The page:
Nokia (News - Alert) announced this week that it is teaming up with WorldLink to build Nepal’s first 100G optical network for super-fast broadband services. These services will be beneficial to consumers and businesses alike, and should serve to improve operations in Nepal immensely.
More specifically, according to the announcement, the two companies are upgrading the 650-km-long backbone network with Nokia's 1830 PSS (Photonic Service Switch) DWDM (Dense Wavelength Division Multiplexing) technology to support bandwidth-hungry entertainment and enterprise services across the country. The intercity network stretches from Kathmandu to Bhairahawa and Birgunj, and provides international connectivity between Nepal and other countries, including India.
For WorldLink, transforming communications in Nepal is at the top of its priority list. The company is already the largest fixed broadband operator in the Himalayan country, and has 120,000 residential broadband subscribers and 5,000 enterprise broadband circuits. It also connects 10,000 residential Fiber-to-the-Home (FTTH) service subscribers every month, which requires WorldLink to meet ever-increasing demand for network capacity.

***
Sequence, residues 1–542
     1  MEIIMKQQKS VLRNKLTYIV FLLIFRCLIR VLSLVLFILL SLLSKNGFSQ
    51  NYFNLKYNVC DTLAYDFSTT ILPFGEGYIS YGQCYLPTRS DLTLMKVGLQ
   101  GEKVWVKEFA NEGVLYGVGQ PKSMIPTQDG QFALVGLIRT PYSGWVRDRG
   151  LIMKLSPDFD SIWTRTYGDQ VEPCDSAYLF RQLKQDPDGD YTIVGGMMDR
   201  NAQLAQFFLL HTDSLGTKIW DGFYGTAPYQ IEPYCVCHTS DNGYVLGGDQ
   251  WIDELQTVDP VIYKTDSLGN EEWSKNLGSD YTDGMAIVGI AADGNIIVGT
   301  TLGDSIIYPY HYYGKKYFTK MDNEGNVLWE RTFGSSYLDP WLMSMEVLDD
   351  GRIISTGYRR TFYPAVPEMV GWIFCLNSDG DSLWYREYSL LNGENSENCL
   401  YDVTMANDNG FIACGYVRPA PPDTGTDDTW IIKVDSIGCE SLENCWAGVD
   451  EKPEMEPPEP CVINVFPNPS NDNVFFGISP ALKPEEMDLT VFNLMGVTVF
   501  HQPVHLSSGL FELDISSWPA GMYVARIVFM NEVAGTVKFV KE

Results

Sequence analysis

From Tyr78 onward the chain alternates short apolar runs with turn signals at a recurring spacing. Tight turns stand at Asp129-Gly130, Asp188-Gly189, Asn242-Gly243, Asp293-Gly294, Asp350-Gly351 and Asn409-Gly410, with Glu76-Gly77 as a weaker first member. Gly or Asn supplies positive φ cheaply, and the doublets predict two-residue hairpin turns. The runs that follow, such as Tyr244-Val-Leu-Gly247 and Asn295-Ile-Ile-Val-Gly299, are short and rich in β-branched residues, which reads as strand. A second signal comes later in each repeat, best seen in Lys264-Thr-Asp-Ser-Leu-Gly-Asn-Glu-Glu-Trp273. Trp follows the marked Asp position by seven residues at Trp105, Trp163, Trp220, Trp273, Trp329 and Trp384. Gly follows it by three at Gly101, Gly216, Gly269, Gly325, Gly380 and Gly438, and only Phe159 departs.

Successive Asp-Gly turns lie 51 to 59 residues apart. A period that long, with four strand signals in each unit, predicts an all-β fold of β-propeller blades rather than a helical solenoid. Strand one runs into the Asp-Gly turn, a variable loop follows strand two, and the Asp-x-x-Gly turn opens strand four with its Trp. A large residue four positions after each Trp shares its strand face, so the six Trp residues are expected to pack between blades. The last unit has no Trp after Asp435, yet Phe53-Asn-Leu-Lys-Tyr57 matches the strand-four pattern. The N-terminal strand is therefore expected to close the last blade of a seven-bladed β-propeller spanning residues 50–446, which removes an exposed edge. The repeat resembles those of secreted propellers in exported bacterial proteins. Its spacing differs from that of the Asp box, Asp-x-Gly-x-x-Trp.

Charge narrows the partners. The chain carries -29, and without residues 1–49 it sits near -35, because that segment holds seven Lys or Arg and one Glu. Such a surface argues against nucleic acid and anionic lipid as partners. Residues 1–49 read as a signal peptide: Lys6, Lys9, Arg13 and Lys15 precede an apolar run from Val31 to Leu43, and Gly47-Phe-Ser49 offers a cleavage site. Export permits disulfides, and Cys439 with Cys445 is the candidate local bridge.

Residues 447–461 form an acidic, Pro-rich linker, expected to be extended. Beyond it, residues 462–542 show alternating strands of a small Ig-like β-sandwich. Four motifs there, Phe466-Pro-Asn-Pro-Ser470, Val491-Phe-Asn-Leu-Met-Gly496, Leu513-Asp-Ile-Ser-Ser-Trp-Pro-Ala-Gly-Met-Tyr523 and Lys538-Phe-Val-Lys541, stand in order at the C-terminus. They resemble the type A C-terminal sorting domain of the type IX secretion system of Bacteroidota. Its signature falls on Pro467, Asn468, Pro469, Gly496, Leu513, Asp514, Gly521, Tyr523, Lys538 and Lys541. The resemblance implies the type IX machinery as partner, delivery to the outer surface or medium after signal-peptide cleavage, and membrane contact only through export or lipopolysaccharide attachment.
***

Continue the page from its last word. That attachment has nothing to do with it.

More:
Samit Jana, CTO, WorldLink, reflected on the company’s mission and decision to team up with Nokia by saying, “WorldLink has a commitment to Nepal to transform the communications landscape so that our people and enterprises thrive. This is our largest project to date and it will allow us to provide ultra-fast broadband services for our mobile and fixed network subscribers in cities as well as rural areas across the country.”
By choosing to work with Nokia’s optical network technology, WorldLink will be able to flexibly increase its network capacity, reach and density. This is due to the fact that Nokia’s technology is powered by Nokia’s Photonic Service Engine-2 with super coherent technology (PSE-2s).
Sanjay Malik, head of India Market at Nokia, said, “We are proud to be part of WorldLink's vision to transform Nepal's communications architecture by providing the first 100G transport network. Nokia's highly scalable optical platform will ensure low latency and high resiliency, and allow WorldLink to cost-effectively increase network capacity as needed.”
Edited by Maurice Nagle